Some things are destined to become classics the 57 Chevy, Colt's SAA, Winchester's 1894 and JMB's 1911.
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    kpw
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    I remember the first time I shot a G19. Late 80's at a Caswell's we had in town for a couple years. At the time, it was incredibly light & compact for a gun that held 15 in the mag. I thought it was going to blow up on me and it came as a big surprise how well it handled and how easy it was to shoot well. It was a bunch lighter than the 3" Md. 66 on my hip or the Colt at home. I still didn't buy one because I didn't think they'd hold up. 22 years later with a bunch of much shorter, grey hair, I'm typing this with a 5" Kimber on my hip and a G19 & 686 in the safe. The G19 sees a lot of carry but the 686, not so much. I grew up shooting wheelguns & my dad's 1911. All the cops had revolvers around here and we had cases of Coke and 7up in glass bottles in our house. I'm only 43!
    "In a republic this rule ought to be observed: that the majority should not have the predominant power." -
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    I am slowly getting rid of every semi I own for wheel guns. While much of what you say is true, the wheel is still dollar for dollar more accurate and a power factor that cannot be matched by autos
    Most of the people cutting their teeth on glocks and such will never be premire shots. Its an art and skill most who use only autos will never possess.

    Revolvers rule to the accomplished shooter. Not knocking autos or the 1911, but I will be more than happy to go shot for shot on the range with one.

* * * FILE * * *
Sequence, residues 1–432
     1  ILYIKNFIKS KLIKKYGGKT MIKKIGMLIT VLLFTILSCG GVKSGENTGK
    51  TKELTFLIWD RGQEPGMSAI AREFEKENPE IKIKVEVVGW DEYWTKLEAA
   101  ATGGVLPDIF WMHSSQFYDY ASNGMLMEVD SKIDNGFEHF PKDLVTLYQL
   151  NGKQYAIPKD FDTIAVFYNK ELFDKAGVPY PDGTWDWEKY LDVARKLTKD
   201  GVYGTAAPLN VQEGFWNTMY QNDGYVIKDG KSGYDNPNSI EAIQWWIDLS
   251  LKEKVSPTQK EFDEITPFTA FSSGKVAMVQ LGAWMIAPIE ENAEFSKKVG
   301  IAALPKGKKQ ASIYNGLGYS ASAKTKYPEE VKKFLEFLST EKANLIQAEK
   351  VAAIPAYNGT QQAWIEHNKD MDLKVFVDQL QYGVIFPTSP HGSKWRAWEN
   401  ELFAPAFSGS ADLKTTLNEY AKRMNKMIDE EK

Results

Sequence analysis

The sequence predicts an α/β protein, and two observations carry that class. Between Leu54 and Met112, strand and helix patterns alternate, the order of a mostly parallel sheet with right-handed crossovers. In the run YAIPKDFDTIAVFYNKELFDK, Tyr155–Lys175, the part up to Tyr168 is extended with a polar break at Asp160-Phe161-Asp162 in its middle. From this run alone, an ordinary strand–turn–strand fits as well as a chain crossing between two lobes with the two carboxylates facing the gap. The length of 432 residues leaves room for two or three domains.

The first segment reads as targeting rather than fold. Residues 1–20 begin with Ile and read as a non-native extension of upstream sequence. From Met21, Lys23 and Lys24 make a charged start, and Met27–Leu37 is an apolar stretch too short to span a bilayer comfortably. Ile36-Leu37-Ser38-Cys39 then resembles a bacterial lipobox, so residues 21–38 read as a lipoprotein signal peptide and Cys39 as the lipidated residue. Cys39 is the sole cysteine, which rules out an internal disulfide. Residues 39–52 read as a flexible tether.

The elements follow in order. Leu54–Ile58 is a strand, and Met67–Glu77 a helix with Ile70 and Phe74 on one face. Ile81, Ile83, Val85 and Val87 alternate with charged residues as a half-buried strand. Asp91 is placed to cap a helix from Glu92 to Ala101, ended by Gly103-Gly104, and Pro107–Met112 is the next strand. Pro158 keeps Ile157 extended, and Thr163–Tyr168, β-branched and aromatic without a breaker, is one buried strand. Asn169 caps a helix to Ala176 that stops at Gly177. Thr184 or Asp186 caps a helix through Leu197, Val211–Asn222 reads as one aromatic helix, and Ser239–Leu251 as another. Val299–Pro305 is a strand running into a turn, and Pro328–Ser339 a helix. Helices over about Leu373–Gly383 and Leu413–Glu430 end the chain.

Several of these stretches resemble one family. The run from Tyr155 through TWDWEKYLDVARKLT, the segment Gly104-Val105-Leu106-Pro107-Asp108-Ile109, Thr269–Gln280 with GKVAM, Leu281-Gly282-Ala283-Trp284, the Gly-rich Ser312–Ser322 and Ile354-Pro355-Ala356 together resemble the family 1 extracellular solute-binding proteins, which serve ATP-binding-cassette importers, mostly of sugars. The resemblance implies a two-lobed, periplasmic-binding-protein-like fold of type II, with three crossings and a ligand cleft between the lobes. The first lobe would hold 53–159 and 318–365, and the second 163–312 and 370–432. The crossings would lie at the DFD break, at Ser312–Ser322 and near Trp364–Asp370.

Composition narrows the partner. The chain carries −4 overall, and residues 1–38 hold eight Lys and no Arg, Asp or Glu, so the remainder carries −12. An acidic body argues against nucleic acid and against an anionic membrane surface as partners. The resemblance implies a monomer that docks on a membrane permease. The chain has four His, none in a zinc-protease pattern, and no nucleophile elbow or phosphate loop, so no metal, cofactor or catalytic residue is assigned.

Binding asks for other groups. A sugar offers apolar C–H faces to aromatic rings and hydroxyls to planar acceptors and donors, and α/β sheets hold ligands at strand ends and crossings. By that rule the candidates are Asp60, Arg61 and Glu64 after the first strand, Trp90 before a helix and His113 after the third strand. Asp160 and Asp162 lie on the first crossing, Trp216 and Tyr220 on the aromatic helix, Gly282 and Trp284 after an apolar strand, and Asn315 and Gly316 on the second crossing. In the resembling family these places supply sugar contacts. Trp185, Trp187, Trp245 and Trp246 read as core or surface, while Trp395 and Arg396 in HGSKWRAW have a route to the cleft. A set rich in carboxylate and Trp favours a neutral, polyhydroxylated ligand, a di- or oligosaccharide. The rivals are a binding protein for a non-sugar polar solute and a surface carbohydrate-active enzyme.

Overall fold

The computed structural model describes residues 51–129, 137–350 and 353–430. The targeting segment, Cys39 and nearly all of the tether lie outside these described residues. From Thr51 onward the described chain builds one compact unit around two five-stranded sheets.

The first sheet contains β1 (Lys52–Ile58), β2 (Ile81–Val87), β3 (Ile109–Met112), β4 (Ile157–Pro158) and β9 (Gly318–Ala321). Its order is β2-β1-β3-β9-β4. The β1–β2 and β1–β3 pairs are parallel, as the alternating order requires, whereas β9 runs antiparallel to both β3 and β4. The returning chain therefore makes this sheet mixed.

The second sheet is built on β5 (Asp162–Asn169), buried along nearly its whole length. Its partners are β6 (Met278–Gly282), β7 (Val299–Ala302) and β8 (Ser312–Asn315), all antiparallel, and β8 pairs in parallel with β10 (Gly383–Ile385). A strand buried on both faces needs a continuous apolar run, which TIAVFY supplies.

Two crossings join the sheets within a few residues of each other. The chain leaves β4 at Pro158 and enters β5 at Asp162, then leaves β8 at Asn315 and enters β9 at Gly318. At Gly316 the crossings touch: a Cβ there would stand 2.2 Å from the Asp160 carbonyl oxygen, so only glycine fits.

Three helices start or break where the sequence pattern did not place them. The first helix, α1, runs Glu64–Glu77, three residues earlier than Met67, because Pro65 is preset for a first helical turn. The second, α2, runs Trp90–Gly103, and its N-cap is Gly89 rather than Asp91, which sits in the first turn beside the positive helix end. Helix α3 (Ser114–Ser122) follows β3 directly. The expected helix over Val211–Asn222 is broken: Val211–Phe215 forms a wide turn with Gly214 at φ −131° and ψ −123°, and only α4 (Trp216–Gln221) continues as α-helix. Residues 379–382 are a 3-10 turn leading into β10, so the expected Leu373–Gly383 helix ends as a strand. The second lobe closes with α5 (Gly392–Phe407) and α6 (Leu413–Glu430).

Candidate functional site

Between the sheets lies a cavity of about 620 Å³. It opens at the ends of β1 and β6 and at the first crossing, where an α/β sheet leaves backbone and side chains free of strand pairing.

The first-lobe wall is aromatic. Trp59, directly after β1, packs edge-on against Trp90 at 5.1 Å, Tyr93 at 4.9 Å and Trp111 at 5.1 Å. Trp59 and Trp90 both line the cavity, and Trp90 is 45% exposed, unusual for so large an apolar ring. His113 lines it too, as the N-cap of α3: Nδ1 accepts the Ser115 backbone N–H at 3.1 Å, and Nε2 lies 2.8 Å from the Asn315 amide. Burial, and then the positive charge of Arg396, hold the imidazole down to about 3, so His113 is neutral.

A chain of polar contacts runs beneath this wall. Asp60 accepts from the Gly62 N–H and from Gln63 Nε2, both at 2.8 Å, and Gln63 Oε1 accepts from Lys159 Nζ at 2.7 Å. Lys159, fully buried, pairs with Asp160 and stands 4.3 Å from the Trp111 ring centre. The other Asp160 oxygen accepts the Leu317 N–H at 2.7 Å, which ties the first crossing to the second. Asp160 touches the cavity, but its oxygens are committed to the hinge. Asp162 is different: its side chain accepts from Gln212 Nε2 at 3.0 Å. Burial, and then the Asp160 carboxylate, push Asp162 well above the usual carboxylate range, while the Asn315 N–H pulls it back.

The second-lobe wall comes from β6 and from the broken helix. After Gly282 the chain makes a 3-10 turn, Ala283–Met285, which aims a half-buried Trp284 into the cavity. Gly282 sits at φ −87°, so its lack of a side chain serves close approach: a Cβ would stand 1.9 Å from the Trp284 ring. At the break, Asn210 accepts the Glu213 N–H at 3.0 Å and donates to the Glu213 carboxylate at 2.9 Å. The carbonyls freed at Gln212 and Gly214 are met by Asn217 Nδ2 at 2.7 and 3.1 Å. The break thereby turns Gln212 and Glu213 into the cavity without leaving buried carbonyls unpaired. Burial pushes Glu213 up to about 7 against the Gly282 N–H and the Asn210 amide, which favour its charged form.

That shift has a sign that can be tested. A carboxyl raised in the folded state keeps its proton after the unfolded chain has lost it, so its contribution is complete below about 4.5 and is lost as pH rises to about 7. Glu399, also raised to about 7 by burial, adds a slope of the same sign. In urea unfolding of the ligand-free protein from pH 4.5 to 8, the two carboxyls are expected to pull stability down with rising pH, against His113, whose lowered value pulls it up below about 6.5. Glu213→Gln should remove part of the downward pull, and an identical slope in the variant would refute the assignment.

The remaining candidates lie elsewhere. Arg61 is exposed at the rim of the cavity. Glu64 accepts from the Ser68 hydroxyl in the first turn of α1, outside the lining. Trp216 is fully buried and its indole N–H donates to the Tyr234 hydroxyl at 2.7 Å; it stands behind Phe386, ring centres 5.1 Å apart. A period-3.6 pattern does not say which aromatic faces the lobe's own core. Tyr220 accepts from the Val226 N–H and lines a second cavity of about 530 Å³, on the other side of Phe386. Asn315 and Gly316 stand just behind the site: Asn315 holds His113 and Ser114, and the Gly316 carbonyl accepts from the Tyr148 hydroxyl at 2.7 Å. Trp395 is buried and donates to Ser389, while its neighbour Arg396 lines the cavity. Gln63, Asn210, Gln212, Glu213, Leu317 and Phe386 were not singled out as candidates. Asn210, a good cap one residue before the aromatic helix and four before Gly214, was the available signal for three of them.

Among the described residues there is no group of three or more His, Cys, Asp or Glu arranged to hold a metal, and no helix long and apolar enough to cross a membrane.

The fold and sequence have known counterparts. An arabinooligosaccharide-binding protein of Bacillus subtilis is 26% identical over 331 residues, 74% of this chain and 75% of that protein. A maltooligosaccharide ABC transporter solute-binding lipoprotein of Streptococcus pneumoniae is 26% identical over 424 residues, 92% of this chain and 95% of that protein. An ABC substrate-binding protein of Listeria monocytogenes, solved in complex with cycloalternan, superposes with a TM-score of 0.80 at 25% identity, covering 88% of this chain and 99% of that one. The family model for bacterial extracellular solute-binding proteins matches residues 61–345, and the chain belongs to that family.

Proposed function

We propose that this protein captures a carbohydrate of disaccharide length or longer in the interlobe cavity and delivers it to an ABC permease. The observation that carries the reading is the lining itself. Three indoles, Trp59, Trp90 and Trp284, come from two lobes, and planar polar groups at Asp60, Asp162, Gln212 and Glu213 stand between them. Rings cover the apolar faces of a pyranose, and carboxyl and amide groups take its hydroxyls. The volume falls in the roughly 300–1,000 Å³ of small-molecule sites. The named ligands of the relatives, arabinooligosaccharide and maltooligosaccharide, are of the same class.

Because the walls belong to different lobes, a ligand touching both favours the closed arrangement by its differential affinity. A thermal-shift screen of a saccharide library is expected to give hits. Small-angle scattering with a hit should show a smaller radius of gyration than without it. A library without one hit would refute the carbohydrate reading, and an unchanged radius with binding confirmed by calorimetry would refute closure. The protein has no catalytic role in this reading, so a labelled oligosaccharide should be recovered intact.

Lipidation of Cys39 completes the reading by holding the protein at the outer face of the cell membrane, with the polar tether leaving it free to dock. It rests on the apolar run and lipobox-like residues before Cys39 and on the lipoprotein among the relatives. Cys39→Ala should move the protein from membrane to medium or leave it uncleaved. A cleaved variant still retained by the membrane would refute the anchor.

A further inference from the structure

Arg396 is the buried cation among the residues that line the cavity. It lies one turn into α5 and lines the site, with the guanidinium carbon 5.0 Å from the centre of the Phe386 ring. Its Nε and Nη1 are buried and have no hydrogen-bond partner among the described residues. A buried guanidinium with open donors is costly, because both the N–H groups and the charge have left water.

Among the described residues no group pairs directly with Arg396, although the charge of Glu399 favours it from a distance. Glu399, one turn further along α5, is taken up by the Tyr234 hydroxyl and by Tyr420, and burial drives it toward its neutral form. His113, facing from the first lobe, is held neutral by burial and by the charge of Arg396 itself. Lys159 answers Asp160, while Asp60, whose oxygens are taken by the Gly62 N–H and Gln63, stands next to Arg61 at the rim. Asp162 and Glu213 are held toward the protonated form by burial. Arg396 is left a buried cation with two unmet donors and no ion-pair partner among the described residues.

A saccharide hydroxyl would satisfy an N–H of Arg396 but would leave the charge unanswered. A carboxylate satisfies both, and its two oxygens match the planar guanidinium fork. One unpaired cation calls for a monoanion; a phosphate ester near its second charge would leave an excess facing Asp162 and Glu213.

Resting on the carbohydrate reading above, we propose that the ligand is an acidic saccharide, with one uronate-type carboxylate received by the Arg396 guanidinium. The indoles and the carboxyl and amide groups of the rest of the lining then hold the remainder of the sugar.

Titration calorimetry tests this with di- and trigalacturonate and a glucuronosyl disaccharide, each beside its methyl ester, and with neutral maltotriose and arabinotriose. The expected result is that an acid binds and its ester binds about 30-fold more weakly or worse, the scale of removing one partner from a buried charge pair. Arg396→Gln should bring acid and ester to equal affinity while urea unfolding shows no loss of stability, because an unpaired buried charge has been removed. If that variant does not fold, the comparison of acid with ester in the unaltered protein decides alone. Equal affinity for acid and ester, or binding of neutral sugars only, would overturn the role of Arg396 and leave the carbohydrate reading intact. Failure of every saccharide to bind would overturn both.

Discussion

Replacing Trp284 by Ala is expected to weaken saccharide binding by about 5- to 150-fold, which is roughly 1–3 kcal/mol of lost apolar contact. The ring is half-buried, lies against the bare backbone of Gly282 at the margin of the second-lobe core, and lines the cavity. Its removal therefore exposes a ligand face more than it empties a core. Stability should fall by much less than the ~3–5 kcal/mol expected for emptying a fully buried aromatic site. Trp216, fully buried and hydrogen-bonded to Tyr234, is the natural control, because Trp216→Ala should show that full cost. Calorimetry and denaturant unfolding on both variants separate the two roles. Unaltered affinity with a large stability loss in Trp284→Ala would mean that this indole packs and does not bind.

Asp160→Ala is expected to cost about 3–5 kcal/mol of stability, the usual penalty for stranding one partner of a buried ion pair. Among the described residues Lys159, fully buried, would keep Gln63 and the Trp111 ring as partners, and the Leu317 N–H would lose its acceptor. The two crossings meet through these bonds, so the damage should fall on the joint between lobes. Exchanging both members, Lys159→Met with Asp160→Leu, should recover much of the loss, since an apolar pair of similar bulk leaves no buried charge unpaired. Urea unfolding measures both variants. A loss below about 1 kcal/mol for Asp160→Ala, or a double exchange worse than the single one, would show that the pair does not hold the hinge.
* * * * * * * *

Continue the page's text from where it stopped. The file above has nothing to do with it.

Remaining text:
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    Well, for certain rounds/calibers the revolver is all there will ever be. A prime example is my beloved S&W 460 XVR. I bought that gun because I always wanted a handgun that would drop a T-Rex or a Sasquatch with one shot (properly placed, of course). I don't know of any semis that chamber anything bigger than a measly 44 maggie. As an instructor, I'll always use my Ruger Super Single Six in .22LR as a gun to teach the novices on. That way they don't get too lively with the trigger and can concentrate on the other aspects of proper form. I LIKE my M642 smith not only for it's light weight but the enclosed hammer that doesn't pick up lint and crud from my pocket should I choose that mode instead of a hip holster. If I hafta, I can shoot the 642 from inside the pocket of a jacket and not worry about the action getting all tangled up in the cloth. Not something I'd really like to try but I'd certainly be more comfortable doing that instead of using the auto in the same manner. I think the revolver will ALWAYS have a role in the American gun scene. Just my .02. YMMV.
    Former Army Infantry Captain; 25 yrs as an NRA Certified Instructor; Avid practitioner of the martial art: KLIK-PAO.

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    kpw
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    Quote Originally Posted by glockman10mm View Post
    I am slowly getting rid of every semi I own for wheel guns. While much of what you say is true, the wheel is still dollar for dollar more accurate and a power factor that cannot be matched by autos
    Most of the people cutting their teeth on glocks and such will never be premire shots. Its an art and skill most who use only autos will never possess.

    Revolvers rule to the accomplished shooter. Not knocking autos or the 1911, but I will be more than happy to go shot for shot on the range with one.